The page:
Savidge suggests perfect prose partners;

Trainspotting – Irvine Welsh (we discussed at Book Group that this may have been inspired/a homage from ‘Dead Babies’ only in the 90’s rather than the 70’s)
American Psycho – Brett Easton Ellis (possibly one of the nastiest books I have ever read which is also a complete and utter masterpiece. Interestingly I would recommend this book and yet know I could never read it again, if weirdly felt I could read ‘Dead Babies’ again but am not sure I could recommend it – odd?)

Which Amis books have you read and what you recommend I read and avoid? What books have you read you would read again but might not recommend? Which books will you never read again and yet would tell anyone who hasn’t read it to rush out and get instantly? What other books have you read despite their horrid or off putting titles?


Filed under Book Group, Martin Amis, Review, Vintage Books, Vintage Classics

15 responses to “Dead Babies – Martin Amis

  1. Deb

    I have tried unsuccessfully to finish any of Martin Amis’s fiction. Oddly enough, I’ve enjoyed his non-fiction–especially the collection VISITING MRS. NABAKOV. I did try to finish THE INFORMATION, but less than a quarter of the way through there was an enormous, sloppy error regarding the local Los Angeles newspaper (I was living in L.A. then and read the L.A. TIMES every day). It was the kind of error that Amis could easily have avoided had he simply gone to a newspaper kiosk or, barring that, asked a contact in California to send him a copy of the paper. I know it sounds petty but that just put me off.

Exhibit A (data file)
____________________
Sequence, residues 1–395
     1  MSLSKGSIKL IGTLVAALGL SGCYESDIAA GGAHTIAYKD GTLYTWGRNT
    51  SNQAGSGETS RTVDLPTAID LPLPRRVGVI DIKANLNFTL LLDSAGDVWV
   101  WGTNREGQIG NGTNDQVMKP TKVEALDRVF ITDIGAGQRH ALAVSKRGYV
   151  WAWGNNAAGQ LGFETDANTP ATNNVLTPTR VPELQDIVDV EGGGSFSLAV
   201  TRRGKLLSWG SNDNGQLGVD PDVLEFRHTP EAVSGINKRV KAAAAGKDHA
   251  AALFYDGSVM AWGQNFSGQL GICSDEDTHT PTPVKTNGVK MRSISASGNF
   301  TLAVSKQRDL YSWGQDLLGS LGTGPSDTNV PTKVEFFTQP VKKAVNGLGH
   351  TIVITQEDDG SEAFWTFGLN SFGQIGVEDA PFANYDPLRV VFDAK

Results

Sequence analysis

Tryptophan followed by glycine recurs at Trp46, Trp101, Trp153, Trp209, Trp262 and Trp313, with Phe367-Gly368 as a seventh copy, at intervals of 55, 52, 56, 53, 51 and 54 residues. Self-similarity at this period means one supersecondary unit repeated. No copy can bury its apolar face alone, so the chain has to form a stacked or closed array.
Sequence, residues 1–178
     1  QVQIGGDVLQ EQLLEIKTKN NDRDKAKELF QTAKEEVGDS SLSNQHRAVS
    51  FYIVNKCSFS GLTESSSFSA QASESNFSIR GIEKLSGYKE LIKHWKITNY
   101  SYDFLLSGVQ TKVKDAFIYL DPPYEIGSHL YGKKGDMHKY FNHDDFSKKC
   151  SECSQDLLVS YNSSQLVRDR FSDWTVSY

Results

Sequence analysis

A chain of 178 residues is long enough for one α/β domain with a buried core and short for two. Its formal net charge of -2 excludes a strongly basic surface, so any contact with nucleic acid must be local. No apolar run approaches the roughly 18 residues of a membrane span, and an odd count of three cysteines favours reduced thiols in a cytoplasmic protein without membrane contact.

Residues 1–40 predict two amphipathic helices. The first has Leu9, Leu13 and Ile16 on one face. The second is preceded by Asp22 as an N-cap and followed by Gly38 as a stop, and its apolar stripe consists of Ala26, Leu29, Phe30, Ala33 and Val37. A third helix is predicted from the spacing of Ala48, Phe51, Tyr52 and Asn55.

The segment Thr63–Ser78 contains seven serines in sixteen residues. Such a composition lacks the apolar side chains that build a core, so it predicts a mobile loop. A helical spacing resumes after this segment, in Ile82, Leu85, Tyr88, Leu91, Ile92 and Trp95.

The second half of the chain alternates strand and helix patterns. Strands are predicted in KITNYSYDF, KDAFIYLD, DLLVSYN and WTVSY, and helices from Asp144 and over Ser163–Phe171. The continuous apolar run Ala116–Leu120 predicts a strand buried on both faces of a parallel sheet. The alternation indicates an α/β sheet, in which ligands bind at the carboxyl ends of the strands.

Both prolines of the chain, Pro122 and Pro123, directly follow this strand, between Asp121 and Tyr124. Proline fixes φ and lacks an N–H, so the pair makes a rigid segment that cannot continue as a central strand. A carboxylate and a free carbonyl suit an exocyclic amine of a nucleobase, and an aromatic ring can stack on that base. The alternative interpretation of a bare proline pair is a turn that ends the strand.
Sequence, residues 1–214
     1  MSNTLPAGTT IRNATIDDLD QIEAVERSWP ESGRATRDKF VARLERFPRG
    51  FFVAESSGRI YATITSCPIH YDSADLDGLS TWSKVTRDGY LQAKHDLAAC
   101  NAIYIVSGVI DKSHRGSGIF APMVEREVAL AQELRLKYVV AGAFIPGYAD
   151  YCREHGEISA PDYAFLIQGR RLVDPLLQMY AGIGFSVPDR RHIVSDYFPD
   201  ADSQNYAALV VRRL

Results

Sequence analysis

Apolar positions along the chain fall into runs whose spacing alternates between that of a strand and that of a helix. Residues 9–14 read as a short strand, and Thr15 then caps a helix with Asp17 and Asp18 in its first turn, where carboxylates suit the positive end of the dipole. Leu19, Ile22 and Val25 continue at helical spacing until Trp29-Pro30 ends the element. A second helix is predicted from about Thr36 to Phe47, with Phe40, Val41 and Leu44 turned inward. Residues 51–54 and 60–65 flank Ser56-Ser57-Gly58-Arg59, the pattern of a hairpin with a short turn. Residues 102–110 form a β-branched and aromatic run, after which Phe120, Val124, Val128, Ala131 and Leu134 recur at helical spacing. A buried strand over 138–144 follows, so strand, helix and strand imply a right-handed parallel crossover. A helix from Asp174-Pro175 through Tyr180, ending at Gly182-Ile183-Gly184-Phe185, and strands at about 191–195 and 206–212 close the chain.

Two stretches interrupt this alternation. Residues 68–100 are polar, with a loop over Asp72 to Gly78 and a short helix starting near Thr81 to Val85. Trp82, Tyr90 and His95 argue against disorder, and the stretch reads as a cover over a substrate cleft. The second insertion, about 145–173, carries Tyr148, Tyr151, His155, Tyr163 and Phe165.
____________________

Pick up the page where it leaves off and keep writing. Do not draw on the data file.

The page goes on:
• It is interesting what can put us off a book. I was reading one a while back, which shall go unnamed, that started off marvellously though someone said ‘I am so not’ and the book was meant to be from the 1920’s – 1930’s, that one word put me off for good.

      As someone who claimed they loathed Amis I was rather more impressed by this. I will read more (six out of ten isnt that bad after all!)

  2. Holy crap, does the guy even want to SELL a book? Obviously not with a title like that. He is almost daring people to buy it. I give you all credit for even giving this one a chance. You are a bigger person than I!

    • I think the title, which while there are no Dead Babies in the book is relevant, was possibly to do just as you say, sell books and see what the fuss was about. I wish I had read it at the time of publishing, I think it might have had a little more impact then.

      I loved Keith though would read him all over again.

  3. Off putting titles? Sons and Lovers is one that comes to mind – positively Oedipal!